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Study Notes


AQA, Edexcel, OCR, IB

Last updated 22 Mar 2021

Conservatism is partly a belief in pragmatism, which means not changing things unless there is a very good reason to do so.

Traditional Conservatives believe in reform where necessary. They have a respect for law and order and a conviction that the government should not interfere too much in the way people run their lives. They also believe in the importance of the protection of property and have a belief that individuals have the right to be successful. They respect tradition, in particular institutions like the Church, the House of Lords and the family, which they believe have lasted because they must have some value.

All this has translated into general policy prescriptions involving low taxes, not too much public spending, and a belief that private companies (in pursuit of profit) are capable of performing many of the services that people need, and allowing these companies to compete will improve those services.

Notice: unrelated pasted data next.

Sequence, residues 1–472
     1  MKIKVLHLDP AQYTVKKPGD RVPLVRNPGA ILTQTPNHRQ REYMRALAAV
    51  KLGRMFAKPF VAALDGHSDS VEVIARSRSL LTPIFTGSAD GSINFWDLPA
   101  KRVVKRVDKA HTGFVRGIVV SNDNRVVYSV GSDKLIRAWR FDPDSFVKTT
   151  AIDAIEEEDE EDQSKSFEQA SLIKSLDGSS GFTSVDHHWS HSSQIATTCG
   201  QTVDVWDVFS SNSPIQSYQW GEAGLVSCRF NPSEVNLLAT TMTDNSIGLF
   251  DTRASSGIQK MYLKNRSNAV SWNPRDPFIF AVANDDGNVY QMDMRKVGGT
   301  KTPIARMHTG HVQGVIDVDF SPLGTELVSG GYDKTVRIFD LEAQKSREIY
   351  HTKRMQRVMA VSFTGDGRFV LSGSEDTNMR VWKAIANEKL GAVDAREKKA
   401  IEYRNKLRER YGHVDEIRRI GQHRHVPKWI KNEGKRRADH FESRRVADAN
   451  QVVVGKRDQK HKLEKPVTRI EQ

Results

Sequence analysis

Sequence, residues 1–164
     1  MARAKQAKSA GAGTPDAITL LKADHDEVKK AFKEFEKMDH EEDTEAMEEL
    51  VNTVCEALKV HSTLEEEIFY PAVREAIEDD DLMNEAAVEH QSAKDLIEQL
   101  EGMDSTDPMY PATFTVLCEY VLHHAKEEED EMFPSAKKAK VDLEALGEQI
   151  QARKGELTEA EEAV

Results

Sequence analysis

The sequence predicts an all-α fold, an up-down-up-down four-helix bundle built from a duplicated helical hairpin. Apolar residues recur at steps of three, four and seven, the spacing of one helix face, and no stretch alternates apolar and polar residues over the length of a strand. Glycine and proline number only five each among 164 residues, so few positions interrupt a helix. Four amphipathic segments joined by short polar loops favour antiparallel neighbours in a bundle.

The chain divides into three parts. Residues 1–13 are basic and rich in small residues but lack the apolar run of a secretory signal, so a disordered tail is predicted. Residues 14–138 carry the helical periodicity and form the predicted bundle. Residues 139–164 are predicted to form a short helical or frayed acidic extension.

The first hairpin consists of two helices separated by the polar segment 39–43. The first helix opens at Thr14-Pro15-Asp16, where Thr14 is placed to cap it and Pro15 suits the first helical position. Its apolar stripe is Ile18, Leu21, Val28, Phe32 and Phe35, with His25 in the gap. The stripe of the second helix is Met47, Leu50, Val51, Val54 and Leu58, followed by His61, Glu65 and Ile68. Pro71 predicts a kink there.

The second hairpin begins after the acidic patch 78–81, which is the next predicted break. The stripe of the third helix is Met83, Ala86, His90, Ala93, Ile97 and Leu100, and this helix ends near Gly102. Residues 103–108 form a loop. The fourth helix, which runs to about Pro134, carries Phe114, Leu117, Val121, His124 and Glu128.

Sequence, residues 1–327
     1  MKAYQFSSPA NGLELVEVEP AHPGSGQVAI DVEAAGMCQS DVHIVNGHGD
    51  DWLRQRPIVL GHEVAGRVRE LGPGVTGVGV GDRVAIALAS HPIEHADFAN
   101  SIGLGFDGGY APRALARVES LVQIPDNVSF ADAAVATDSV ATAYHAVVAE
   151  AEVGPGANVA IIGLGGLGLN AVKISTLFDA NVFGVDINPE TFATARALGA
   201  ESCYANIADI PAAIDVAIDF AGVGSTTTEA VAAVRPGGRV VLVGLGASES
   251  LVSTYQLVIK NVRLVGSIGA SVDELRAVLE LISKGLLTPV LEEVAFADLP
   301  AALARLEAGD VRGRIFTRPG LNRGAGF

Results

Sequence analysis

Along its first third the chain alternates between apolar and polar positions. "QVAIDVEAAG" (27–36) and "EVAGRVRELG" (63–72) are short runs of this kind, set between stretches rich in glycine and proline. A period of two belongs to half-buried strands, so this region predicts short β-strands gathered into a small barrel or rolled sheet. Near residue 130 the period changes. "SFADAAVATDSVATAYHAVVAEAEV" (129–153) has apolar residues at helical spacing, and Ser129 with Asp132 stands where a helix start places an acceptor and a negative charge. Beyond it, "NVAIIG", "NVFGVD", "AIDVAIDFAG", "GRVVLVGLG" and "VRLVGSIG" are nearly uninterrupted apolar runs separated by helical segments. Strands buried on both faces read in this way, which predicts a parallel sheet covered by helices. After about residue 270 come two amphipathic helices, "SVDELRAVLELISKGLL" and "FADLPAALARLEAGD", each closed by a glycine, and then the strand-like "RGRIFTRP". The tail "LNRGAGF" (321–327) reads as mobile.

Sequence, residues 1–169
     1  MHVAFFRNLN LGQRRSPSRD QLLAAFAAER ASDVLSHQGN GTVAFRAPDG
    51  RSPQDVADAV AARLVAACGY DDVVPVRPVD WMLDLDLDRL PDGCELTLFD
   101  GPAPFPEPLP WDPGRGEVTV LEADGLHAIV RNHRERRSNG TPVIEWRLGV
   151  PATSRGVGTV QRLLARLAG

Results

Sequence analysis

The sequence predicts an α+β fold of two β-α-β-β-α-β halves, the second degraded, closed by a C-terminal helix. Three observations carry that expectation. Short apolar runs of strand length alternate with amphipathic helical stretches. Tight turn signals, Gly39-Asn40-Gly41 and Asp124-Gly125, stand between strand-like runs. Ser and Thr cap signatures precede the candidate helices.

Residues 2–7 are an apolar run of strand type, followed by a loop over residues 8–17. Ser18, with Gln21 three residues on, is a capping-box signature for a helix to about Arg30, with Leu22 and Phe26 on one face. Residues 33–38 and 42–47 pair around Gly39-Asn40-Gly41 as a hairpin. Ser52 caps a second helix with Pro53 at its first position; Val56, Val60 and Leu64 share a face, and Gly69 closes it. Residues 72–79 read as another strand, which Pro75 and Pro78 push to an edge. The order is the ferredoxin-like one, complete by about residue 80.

There are also Modern Conservatives, whose beliefs can be traced back to the writings of Benjamin Disraeli in the 19th Century. ‘One-Nation’ Conservatives believed that the government has a duty to help the less fortunate, and in return those receiving that help would have responsibilities to try to contribute to lifting themselves out of poverty.

A good description of what ‘being Conservative’ means was provided by the philosopher Michael Oakeshott, who described it as being the captain of a large sailing ship on the open sea, not particularly heading anywhere (i.e. not bound by rigid ideology), but making sure that the ship didn’t crash into rocks or icebergs and kept going serenely on its’ way.

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